For example: Vitamin B1 (Thiamin) is primarily responsible for carbohydrate metabolism along with the function of the nervous system.* Vitamin B2 (Riboflavin) is an important agent in the repair of all cells following rigorous training or competition!* Vitamin B6 (Pyridoxine) is crucial in the metabolism of sugar, fat and protein.* Vitamin B15 (Pangamate or Pangamic Acid) is known for its ability to increase blood and oxygen supplies to tissue.* Magnesium is a mineral essential to muscle contraction.* The lack of this key mineral can result in fatigue, spasms, muscle twitching and muscle weakness (A condition any athlete wants to avoid!).1 These are just a few examples of the role vital nutrients play in the performance of strength and endurance athletes.
Athletes (including active individuals) burn through these micro nutrients at a much faster pace than average people, and that will ultimately play a critical roll in your overall performance.*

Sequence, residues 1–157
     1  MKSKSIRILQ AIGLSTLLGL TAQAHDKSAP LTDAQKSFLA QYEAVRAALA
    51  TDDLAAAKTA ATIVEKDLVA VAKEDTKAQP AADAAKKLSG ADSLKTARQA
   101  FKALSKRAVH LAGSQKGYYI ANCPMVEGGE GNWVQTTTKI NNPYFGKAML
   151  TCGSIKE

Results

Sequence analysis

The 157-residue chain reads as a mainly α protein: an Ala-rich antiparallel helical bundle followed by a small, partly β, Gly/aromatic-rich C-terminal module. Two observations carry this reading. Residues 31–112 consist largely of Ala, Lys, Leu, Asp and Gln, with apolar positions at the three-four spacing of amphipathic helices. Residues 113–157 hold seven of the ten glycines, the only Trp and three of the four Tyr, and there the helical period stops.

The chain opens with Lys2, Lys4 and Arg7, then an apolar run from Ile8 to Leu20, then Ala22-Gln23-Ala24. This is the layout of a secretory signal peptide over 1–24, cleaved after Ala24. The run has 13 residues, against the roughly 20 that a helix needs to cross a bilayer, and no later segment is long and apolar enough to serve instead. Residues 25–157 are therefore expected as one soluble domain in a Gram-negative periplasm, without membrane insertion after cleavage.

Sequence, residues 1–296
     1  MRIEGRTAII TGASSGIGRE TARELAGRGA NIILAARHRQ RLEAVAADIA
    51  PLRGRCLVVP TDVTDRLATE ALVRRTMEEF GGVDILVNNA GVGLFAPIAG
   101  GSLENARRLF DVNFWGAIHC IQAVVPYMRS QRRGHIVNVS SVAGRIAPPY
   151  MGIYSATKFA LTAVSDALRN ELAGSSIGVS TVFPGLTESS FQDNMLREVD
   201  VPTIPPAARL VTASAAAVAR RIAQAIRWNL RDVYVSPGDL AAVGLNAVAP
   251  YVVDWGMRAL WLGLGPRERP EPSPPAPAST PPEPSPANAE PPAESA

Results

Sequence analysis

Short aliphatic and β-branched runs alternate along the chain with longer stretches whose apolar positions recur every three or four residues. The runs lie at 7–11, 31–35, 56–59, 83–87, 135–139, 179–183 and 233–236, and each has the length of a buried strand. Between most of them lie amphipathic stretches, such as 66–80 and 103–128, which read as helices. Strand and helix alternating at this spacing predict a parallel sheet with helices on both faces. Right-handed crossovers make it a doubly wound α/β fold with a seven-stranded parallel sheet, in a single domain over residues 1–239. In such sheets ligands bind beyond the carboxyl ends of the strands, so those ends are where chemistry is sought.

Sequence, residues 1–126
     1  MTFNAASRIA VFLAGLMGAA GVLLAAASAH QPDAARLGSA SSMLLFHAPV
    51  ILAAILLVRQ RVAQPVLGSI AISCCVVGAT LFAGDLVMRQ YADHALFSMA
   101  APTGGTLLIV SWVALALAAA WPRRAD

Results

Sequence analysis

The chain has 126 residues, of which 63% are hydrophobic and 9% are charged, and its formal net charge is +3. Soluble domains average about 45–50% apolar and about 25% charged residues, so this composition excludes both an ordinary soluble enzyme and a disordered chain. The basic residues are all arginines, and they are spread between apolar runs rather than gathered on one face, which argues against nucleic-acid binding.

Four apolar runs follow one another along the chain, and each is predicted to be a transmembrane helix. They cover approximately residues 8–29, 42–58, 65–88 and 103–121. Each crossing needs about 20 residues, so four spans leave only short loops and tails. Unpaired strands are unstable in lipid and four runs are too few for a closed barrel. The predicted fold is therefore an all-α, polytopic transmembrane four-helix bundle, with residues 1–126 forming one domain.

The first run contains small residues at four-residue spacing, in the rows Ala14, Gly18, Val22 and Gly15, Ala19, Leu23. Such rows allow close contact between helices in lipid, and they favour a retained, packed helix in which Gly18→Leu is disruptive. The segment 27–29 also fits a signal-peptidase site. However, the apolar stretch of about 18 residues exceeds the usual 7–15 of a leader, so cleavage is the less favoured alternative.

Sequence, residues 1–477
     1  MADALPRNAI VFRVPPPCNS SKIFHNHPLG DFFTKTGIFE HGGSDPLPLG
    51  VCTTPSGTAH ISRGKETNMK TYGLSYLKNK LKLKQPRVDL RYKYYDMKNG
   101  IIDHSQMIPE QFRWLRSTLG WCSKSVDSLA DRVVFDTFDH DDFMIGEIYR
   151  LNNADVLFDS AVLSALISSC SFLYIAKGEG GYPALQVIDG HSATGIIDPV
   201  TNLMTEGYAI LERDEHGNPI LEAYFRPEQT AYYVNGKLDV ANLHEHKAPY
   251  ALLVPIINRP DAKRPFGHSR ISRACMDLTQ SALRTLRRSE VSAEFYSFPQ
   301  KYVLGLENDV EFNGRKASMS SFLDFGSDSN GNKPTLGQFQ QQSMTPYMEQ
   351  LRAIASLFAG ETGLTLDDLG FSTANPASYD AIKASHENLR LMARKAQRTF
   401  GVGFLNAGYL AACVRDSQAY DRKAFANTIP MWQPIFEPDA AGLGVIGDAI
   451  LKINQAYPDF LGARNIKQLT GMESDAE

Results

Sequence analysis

If you want to be a successful athlete or simply perform at your peak level, you need to provide your body with everything it needs. Multi vitamins deliver micro nutrients at the cellular level to help maintain a healthy metabolism!* They are involved in thousands of metabolic functions throughout our day from building muscle tissue, to breaking down sugars and fats for energy consumption.*
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1. Davis, Paul O. Ph.D & Hatfield, Frederick C. Ph.D. Fitness The Complete Guide. International Sports Sciences Association, Santa Barbara, CA, 2000.
What separates the average Joe six-pack (muscle, not beer) from professional body builders? Other than genetics, and lifting heavier weights, it is probably not your workout. The differences lie in the fine details; really warming up before a workout, weighing food, counting calories, planning meals and understanding muscle nutrition.